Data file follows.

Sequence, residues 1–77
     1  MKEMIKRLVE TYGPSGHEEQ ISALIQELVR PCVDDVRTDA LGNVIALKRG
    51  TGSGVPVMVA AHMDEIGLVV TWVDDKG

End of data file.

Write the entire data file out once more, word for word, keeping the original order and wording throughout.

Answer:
Sequence, residues 1–77
     1  MKEMIKRLVE TYGPSGHEEQ ISALIQELVR PCVDDVRTDA LGNVIALKRG
    51  TGSGVPVMVA AHMDEIGLVV TWVDDKG